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Title: Life course socioeconomic circumstances and cardiovascular disease risk in Central and Eastern Europe
Author: Webb, E. A.
Awarding Body: University College London (University of London)
Current Institution: University College London (University of London)
Date of Award: 2009
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This thesis investigated the influences of early life socioeconomic circumstances (SEC) on cardiovascular disease (CVD) risk in Russia, Poland and the Czech Republic. Early life SEC are inversely associated with CVD risk factors and outcomes in western countries, but the same relationships have not been evaluated in Central and Eastern Europe. CVD is a major cause of morbidity and mortality in this region. I used data from the first round of the HAPIEE (Health, Alcohol and Psychosocial factors In Eastern Europe) study, which randomly selected men and women aged 45 to 69 years from population registers in Novosibirsk (Russia), Krakow (Poland) and six towns in the Czech Republic. Nearly 29,000 people were recruited, with an overall response rate of 61%. Blood pressure (systolic and diastolic blood pressure, hypertension), lipids (total and HDL cholesterol), adiposity (BMI, waist circumference, waist to hip ratio), smoking habits (starting and quitting) and CVD risk, as measured by SCORE, were assessed in relation to retrospectively collected direct and proxy measures of early life SEC. The reliability of adult anthropometric measures (height, leg length and trunk length) as proxy markers of early life SEC was confirmed by investigating the relationships with three direct measures of early life SEC (maternal and paternal education and household ownership of six assets at age ten years). Higher childhood SEC were linked to an increased likelihood of women starting smoking, a decreased likelihood of men quitting smoking, and reduced adiposity in both genders. The remaining CVD risk factors and overall CVD risk did not appear to be consistently influenced by childhood SEC. The results of the thesis suggest that early life socioeconomic influences on classical CVD risk may not be consistent across cultures, and that they may vary by the stage of the epidemiological transition and by local context.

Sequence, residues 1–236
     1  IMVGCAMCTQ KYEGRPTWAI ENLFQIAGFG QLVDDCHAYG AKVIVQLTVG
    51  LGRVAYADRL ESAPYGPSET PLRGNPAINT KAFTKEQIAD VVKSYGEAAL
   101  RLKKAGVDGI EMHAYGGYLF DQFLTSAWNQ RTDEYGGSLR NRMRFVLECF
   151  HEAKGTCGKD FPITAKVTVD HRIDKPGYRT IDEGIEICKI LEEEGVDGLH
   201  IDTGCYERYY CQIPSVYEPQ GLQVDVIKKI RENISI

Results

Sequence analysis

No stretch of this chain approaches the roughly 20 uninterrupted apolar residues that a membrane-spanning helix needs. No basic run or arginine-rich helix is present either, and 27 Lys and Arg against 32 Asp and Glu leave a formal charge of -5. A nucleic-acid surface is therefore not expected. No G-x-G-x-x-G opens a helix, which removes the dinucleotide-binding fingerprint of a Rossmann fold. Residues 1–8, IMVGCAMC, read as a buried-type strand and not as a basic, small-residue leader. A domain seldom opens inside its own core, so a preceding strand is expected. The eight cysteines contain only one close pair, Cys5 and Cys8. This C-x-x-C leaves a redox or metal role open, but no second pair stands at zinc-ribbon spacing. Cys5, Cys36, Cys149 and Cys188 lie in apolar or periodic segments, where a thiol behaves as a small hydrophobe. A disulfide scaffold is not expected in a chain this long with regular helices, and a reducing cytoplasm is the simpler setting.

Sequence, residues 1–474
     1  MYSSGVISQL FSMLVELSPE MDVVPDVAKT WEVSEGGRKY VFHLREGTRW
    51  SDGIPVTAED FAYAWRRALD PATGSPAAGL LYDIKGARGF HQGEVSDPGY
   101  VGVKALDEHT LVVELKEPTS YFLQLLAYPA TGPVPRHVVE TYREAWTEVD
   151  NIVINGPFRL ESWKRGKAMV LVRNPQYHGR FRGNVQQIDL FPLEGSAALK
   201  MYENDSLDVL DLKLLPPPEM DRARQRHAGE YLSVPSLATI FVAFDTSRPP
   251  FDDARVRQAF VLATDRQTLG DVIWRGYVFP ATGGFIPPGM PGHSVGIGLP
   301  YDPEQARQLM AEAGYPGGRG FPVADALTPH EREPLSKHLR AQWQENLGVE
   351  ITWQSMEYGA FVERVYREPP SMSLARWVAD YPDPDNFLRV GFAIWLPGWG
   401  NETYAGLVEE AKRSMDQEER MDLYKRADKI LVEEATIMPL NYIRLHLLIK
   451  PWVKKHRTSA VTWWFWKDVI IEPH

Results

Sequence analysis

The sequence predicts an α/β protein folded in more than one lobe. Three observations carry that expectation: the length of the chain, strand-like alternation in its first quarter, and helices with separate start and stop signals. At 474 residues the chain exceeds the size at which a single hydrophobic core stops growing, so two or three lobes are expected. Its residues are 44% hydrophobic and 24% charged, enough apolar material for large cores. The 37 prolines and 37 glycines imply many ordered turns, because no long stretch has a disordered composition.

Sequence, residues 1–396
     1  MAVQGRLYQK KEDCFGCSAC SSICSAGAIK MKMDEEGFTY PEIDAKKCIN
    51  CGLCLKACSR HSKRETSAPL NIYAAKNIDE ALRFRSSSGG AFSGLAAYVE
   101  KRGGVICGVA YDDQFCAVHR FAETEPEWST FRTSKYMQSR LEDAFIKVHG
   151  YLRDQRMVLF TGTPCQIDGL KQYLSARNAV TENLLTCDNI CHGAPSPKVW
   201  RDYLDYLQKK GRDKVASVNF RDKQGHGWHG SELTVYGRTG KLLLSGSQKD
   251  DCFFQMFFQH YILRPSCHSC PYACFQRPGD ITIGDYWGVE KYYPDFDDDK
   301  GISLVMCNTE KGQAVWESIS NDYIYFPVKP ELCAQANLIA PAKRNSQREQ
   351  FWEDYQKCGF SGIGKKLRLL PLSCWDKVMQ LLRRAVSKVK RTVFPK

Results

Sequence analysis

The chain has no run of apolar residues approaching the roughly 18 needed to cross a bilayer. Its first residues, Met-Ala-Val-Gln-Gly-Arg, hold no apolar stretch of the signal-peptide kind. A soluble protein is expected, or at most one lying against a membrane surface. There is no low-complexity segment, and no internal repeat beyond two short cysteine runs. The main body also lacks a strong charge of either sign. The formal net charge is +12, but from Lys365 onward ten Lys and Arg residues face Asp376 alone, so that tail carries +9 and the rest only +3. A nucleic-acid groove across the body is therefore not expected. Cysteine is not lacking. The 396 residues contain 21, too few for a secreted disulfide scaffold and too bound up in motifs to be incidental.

Supervisor: Not available Sponsor: Not available
Qualification Name: Thesis (Ph.D.) Qualification Level: Doctoral
EThOS ID:  DOI: Not available